Some energy-saving lightbulbs emit enough harmful ultraviolet radiation to cause sunburn if placed too close to the body. These fluorescent lightbulbs, which are coil-shaped and unencapsulated, are promoted as energy-savers since they use about two-thirds less energy and last ten times longer than traditional incandescent bulbs.
But Britain’s Health Protection Agency (HPA) issued a warning to people who use the bulbs close to their bodies, such as in reading lamps or in their occupations, such as jewelry makers, and those who have medical conditions that make them sensitive to UV light. If skin is in very close proximity to the bulbs, it gets the same exposure as if it were exposed to bright sun.
The HPA advises people not to use the bulbs any closer than twelve inches from the body for any longer than one hour a day. Those who use lightbulbs close to the body for longer periods should switch to an encapsulated form which is shaped more like a traditional bulb.
The agency doesn’t say that the lightbulbs could cause skin cancer, but they do believe they could cause sunburn. Still, they advise people not remove most bulbs from their homes. “This is precautionary advice,” said HPA’s Chief Executive Justin McCracken. “We are advising people to avoid using the open lightbulbs for prolonged close work until the problem is sorted out and to use encapsulated bulbs instead. In other situations where people are not likely to be very close to the bulbs for any length of time, all types of compact fluorescent light bulbs are safe to use."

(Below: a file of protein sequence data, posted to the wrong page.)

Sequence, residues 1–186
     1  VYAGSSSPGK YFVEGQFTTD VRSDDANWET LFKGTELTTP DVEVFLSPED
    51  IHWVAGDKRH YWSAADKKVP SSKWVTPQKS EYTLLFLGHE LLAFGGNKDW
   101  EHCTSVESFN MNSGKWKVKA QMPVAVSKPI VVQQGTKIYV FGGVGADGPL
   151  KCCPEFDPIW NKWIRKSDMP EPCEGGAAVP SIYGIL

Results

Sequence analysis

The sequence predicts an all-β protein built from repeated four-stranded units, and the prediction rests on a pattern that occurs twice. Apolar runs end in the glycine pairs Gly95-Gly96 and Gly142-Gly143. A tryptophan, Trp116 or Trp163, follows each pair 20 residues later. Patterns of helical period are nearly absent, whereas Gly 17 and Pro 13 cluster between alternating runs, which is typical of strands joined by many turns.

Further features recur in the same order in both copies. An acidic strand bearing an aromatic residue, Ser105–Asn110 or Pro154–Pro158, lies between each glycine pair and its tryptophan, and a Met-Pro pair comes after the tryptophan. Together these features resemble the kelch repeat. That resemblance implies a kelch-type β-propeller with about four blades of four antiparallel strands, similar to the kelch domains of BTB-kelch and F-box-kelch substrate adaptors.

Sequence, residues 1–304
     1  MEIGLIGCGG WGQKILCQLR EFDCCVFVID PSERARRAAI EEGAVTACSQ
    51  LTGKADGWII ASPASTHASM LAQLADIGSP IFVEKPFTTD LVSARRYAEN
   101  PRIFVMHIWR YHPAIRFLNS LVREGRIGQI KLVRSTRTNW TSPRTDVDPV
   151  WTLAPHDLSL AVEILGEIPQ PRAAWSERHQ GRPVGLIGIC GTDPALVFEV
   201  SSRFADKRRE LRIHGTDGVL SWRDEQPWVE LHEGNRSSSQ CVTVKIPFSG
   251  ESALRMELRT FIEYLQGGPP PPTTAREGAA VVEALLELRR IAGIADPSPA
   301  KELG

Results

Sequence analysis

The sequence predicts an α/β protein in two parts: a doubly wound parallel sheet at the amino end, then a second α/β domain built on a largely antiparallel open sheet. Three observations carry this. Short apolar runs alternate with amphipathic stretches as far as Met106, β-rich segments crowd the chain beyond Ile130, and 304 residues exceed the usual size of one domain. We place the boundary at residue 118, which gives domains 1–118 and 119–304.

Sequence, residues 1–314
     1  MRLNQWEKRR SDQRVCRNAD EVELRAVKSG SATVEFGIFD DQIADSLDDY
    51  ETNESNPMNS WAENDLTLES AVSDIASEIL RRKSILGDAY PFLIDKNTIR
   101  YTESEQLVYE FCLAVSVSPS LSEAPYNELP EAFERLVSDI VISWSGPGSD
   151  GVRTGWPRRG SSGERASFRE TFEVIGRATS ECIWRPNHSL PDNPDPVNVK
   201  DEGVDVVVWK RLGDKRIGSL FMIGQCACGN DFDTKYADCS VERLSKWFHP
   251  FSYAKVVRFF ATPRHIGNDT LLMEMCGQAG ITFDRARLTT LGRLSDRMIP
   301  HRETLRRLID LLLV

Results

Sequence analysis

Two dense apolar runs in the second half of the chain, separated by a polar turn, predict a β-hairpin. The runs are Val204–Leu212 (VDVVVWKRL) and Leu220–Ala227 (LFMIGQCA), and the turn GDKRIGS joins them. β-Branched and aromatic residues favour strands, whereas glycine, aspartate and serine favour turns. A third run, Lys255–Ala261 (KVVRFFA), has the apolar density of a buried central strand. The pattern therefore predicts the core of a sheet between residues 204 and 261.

The safety of the new lightbulbs has been questioned before. They contain a small amount of mercury and some scientists fear it could cause brain and kidney damage if the bulb is accidently broken and mercury vapor is inhaled. Even unbroken bulbs could eventually contaminate soil and ground water if improperly disposed.
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